One of the most popular complications in watchmaking is the chronograph. And I don’t say this just because of the numerous chronographs that are firm Instagram favourites. Right from the beginning of wristwatches, and even before that, the need to use a watch to time a specific action has been acute. It began with the genius of the Swiss watchmaker, Charles Victor Adolphe Nicol, who, in 1844, at the age of 30, devised a mechanical movement with a re-setting seconds hand that made chronometric measurements possible. In 1862, when Nicole added two pushers to the movement to start, stop and re-set the seconds hand, the chronograph was born.
Although fairly popular in the era of pocket watches, it is in the world of wristwatches, from the 1920s onwards, that the chronograph function really shone. Movement developers like Lemania, and brands like Eberhard, Universal Genève, Longines and Breitling soon jumped on the bandwagon to create timepieces with a complication that, unlike say the moonphase, had an actual practical benefit in a society that was becoming more industrialised by the day.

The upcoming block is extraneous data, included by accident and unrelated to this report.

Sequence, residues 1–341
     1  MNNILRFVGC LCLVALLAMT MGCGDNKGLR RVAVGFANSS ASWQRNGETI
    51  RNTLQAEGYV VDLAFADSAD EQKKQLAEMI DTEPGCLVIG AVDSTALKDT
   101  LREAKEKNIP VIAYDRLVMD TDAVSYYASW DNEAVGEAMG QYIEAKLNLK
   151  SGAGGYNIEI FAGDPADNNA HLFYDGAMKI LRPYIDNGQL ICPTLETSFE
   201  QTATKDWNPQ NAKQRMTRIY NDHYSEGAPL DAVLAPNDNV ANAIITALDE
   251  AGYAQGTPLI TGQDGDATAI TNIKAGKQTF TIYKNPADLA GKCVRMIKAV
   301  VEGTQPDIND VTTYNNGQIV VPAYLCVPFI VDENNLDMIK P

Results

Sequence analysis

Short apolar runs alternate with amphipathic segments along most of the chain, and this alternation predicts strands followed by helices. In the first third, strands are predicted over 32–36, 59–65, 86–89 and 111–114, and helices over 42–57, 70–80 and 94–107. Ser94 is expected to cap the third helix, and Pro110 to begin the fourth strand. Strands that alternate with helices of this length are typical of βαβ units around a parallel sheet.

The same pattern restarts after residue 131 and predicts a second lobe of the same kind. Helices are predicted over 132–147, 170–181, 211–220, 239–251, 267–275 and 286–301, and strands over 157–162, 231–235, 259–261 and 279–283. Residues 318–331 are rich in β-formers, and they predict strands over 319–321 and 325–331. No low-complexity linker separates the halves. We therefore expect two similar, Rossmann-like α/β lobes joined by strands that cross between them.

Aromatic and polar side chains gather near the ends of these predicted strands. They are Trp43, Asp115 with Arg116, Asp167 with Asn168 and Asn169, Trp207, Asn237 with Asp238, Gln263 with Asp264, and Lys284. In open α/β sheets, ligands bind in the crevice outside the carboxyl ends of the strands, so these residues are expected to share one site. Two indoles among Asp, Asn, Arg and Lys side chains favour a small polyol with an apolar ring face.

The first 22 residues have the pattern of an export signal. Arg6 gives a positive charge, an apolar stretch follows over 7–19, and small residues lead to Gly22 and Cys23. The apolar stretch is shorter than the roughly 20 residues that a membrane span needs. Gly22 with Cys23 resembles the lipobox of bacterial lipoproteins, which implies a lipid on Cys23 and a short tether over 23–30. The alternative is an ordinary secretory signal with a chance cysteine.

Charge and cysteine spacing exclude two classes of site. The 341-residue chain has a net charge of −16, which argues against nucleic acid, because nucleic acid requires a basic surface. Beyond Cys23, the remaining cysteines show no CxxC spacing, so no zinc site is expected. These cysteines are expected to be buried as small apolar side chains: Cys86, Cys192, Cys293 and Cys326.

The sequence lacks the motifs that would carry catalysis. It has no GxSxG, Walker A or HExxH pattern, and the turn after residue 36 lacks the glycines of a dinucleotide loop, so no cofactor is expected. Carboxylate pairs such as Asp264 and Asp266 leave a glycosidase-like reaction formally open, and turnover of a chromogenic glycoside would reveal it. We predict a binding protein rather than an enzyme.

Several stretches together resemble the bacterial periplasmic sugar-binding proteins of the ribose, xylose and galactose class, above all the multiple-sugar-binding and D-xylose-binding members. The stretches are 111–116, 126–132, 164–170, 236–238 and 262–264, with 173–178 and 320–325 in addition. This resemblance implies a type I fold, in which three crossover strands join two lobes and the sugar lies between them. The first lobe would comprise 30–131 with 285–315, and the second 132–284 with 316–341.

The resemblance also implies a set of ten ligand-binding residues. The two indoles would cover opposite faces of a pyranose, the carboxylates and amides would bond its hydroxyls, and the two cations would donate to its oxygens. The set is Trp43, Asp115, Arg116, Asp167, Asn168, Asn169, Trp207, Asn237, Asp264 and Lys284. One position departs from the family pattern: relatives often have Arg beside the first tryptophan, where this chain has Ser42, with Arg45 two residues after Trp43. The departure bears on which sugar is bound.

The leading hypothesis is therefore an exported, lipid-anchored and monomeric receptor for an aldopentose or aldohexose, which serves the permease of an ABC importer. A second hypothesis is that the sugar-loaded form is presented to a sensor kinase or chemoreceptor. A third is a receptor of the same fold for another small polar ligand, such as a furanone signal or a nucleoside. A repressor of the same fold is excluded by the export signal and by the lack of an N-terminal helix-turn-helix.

Mechanical chronographs, with their complex and beautiful movements, from the first half of the 20th century, remain some of the most collectible watches for a reason. In the 1950s, when industry heavyweights like Omega and Rolex started creating mass-marketed chronographs, the popularity of the movement fairly exploded. This trend intensified further in the next decade, as the growing popularity of motorsports gave birth to the concept of the racing chronographs, for measuring laps. Watches like the Omega Speedmaster, first produced in 1957, were already causing a splash, and by the time the Speedmaster was selected by NASA to be worn by astronauts on its manned space programmes in the late 1960s, the chronograph was firmly established as the other great sporty watch of choice, alongside the dive watch.